Friday, September 21, 2007
Advice for Erwin Chemerinsky
The hiring, firing, and re-hiring of Erwin Chemerinsky as founding dean of the new UC-Irvine law school has attracted enormous national attention. (For a roundup of coverage, see here.) Bill Henderson and I want to use this moment in time to generate and publicize the best ideas about reforming legal education from some of the leading thinkers in the law school world. Next week, TaxProf Blog will begin posting the answers of university presidents and provosts, and law school deans, faculty, students, and career planning professionals, to this question:
What is the single best idea for reforming legal education you would offer to Erwin Chemerinsky as he builds the law school at UC-Irvine?
Each contribution will be limited to no more than 250 words.
Lawyers are professional writers. Yet, most lawyers have horrible writing skills and produce disjointed and ineffective work product. You can fix this.
Though you must accept that most students who matriculate into your school have never been taught to write, if those students graduate as bad writers you and your faculty will have failed them. Communication and critical thinking are to the practice of law what fire control and maneuver are to the military officer. They are the basic tools that one must master in order to succeed.
Since written communication is such an important aspect of any lawyer’s work, I suggest that you make legal-writing skills an important part of your curriculum. And if you follow my advice, I believe that you will discover that good writing skills correlate directly to improved critical-thinking development and organization.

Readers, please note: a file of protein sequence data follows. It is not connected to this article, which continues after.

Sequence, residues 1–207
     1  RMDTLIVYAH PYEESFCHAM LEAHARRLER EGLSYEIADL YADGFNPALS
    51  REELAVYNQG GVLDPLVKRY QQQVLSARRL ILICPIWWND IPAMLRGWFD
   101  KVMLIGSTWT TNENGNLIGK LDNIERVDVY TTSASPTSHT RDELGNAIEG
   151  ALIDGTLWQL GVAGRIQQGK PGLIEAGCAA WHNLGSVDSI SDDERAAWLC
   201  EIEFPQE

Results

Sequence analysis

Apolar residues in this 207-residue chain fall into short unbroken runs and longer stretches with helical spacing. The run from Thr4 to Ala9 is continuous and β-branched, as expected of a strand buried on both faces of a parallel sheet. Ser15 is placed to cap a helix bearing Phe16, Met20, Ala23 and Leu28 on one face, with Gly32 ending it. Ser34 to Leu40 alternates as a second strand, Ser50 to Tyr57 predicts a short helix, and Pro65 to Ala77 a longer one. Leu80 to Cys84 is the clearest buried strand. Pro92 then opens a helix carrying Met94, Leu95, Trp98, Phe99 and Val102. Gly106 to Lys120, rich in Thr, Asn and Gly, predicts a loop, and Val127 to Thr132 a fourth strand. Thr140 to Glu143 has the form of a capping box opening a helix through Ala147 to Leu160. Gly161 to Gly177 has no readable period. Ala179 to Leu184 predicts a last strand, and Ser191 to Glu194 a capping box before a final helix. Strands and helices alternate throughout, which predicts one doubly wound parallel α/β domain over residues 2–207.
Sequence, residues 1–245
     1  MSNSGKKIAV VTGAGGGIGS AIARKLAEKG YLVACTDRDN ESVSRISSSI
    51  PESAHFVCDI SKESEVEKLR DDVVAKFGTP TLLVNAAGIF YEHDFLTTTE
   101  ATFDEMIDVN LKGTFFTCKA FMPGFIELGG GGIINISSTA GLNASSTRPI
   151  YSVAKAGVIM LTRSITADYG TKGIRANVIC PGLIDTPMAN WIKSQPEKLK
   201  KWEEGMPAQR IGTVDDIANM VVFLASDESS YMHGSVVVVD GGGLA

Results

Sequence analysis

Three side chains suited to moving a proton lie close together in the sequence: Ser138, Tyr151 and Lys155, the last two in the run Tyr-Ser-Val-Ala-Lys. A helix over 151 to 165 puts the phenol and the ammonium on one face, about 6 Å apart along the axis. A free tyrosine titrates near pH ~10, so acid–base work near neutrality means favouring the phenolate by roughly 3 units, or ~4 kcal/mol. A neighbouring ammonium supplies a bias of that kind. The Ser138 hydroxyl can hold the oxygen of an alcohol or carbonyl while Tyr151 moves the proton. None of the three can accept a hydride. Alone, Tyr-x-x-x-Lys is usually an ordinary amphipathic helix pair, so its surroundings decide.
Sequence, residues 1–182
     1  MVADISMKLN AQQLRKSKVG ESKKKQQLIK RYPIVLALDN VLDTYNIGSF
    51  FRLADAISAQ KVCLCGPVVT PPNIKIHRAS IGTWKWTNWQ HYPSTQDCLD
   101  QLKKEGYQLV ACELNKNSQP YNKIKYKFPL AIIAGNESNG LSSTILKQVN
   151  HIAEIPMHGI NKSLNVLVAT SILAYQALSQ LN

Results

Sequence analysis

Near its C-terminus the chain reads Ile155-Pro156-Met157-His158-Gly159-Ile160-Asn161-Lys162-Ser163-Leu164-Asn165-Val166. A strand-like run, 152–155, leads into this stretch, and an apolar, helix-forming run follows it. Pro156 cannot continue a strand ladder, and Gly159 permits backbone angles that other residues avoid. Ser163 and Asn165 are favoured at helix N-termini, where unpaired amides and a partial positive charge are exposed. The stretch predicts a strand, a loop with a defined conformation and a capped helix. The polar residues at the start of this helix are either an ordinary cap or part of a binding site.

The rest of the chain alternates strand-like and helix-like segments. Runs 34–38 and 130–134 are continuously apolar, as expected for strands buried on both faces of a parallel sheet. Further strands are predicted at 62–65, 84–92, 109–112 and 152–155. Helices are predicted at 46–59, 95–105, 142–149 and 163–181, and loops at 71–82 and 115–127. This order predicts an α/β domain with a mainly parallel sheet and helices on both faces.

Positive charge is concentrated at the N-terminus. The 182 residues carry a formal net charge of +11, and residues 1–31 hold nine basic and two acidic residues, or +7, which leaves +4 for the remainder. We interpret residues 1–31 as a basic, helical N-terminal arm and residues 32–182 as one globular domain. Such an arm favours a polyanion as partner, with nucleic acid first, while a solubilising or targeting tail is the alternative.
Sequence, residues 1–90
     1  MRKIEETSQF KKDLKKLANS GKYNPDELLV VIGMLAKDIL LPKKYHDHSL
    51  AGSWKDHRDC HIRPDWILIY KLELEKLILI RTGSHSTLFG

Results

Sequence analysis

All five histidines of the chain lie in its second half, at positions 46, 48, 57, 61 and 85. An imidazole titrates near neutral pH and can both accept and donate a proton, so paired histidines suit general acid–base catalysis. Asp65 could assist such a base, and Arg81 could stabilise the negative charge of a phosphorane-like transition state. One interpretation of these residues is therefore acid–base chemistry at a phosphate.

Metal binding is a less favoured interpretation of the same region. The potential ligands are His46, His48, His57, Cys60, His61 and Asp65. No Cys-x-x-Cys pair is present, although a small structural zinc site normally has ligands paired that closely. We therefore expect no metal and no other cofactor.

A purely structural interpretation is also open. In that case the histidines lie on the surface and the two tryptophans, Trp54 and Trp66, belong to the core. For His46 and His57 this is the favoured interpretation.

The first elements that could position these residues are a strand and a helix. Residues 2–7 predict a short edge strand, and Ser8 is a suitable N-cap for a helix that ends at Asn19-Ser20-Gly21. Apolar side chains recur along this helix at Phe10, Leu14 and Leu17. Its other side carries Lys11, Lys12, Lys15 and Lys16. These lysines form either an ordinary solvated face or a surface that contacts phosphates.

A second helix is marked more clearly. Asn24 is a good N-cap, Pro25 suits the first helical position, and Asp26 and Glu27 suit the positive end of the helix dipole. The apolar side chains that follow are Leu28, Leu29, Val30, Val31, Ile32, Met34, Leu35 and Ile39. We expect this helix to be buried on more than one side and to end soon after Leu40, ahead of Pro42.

In his letter to you, Professor Gordon Smith refers to legal writing as a co-curriculum course, and he suggests that you focus on things that “law schools do better than legal employers – classroom instruction.” He misunderstands the problem. Law firms teach basic writing skills because they need lawyers who can write, but they can’t find adequately educated law school graduates.
I suggest that you require four semesters of writing instruction and that you get expert advice – e.g., Bryan Garner and Wayne Scheiss – which can be used to form an adequate legal-writing program. Do not to focus only on litigation, but also on drafting, grammar, and editing. Finally, enroll advanced writing courses as electives.
Posted by: Bradley | Sep 26, 2007 9:51:31 AM